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August 3, 2021

State government may override councils on fluoride

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Tap-Water-shutterstock_130619210Chris Dobney

As Ballina Council prepares to vote today on whether to reject fluoridation of its water supply, the state’s health minister has been called on by a local MP to intervene.

Lennox Head-based Liberal MLC Catherine Cusack said, ‘it is time for NSW Health to get off the sidelines, to put its own skin in the game, and to assume control of fluoridation, as recommended in 2006’.

‘It is not just the right and decent thing to do – the message we send, by leaving Rous [Water] and Ballina in the lurch, is a huge setback and a disincentive to any other council considering fluoridation,’ Ms Cusack told The Sydney Morning Herald yesterday.

This week Ms Skinner called in the big guns, summoning the state’s chief medical officer, Kerry Chant, to Ballina to persuade councillors to vote to support fluoridation.

Ninety-six per cent of NSW is now supplied with fluoridated water and the north coast has some of the worst dental health outcomes in the state. Dr Chant said research showed that water fluoridation led to a decline in tooth decay significantly greater than simply using fluoridated toothpaste.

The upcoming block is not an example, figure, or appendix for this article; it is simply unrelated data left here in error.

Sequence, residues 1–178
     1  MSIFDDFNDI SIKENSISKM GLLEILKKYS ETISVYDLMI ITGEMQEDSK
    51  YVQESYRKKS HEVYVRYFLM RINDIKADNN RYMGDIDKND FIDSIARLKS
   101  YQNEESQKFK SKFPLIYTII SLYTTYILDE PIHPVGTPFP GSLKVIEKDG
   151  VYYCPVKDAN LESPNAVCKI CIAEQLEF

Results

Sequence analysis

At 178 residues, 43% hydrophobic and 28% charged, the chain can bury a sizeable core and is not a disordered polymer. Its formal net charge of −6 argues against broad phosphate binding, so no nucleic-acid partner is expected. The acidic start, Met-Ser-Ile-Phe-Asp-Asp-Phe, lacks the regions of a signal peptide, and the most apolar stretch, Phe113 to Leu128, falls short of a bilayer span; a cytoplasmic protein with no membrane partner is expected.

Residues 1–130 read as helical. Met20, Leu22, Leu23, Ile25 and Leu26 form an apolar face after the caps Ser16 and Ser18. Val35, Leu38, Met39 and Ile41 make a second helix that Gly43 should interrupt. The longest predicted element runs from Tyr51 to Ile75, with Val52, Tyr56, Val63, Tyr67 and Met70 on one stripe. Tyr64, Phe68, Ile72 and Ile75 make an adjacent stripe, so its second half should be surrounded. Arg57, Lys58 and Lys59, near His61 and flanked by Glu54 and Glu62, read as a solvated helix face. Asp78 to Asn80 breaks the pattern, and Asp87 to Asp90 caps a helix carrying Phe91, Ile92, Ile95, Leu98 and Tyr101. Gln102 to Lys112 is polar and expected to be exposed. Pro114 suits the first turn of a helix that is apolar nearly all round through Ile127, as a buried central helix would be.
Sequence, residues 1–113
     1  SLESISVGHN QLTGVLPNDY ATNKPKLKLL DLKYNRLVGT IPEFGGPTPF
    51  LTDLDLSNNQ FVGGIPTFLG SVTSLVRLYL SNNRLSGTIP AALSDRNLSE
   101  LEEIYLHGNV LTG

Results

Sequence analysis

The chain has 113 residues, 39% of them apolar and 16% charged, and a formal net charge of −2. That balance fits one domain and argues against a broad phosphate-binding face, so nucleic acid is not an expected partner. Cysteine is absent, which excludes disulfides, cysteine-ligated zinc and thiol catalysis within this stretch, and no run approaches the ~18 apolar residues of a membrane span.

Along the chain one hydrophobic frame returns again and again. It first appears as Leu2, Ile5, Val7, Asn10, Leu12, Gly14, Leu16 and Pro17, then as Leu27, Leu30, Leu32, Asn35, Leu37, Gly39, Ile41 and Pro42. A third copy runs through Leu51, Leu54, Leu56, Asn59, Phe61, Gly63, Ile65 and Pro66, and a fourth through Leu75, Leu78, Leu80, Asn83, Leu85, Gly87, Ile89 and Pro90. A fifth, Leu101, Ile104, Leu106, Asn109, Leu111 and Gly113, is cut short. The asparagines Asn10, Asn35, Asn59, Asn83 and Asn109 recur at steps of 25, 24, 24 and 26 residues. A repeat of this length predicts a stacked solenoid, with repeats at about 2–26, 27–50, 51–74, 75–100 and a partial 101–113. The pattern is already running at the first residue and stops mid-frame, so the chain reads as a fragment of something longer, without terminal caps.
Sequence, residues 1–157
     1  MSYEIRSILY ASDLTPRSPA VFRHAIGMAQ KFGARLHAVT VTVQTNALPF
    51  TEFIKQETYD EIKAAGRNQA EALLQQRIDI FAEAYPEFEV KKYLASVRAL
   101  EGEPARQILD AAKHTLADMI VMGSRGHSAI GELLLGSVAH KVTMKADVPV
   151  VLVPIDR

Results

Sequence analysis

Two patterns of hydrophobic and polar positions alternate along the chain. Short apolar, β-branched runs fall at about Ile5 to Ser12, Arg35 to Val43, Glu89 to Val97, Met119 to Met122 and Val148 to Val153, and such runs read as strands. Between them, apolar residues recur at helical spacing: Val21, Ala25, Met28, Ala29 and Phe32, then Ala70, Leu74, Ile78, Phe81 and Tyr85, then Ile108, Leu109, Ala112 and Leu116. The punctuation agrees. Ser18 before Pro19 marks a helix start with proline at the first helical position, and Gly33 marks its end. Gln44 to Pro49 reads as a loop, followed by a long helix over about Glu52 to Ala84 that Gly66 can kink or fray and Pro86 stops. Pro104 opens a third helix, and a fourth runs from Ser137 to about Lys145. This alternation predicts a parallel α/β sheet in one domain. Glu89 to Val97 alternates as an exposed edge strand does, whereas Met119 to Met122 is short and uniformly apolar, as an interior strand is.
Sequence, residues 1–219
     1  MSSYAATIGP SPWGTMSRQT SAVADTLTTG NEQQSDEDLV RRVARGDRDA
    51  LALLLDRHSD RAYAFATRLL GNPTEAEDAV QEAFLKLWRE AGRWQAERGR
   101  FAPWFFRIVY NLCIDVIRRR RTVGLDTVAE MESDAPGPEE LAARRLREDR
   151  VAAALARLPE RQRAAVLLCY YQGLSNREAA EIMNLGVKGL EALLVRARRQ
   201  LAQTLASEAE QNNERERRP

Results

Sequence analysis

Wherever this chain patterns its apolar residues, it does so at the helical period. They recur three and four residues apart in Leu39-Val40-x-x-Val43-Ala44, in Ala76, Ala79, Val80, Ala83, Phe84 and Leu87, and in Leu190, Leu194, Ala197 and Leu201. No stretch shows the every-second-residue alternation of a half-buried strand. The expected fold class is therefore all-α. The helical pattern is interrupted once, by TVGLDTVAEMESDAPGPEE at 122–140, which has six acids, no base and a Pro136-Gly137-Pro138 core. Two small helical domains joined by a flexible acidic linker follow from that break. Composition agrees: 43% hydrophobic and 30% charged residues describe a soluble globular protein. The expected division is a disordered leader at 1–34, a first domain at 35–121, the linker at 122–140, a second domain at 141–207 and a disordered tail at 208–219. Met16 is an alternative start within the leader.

But Ballina Cr Keith Williams, who proposed the bill, said while he appreciated fluoride does have a role to play in preventing dental decay, it is not appropriate to force it onto unwilling residents. About a third of local residents are opposed to fluoride, he said.

‘I don’t dispute the scientific evidence of dentistry that it prevents cavities, but I don’t believe it is appropriate to add a medication to the water supply without everybody’s consent,’ he told the SMH.

The vote will be close, according to another fluoridation opponent, Greens Cr Jeff Johnson, who said the decision to go ahead several years ago was only passed by one vote.

Cr Johnson told ABC radio he knew of ‘at least three other councillors who are against fluoridating the water supply’.

‘Clearly there are alternatives to doing this and I think we should be exploring those alternatives rather than going down this route,’ he said.

Rous Water, which supplies the region, has had plans to build dosing plants for a number of years but these had been on hold during a series of court challenges by anti-fluoridation campaigner Al Oshlack.

Mr Oshlack finally lost his battle this year but Lismore voted to end plans to fluoridate its water this month. Byron Council has opposed the move since 2007.


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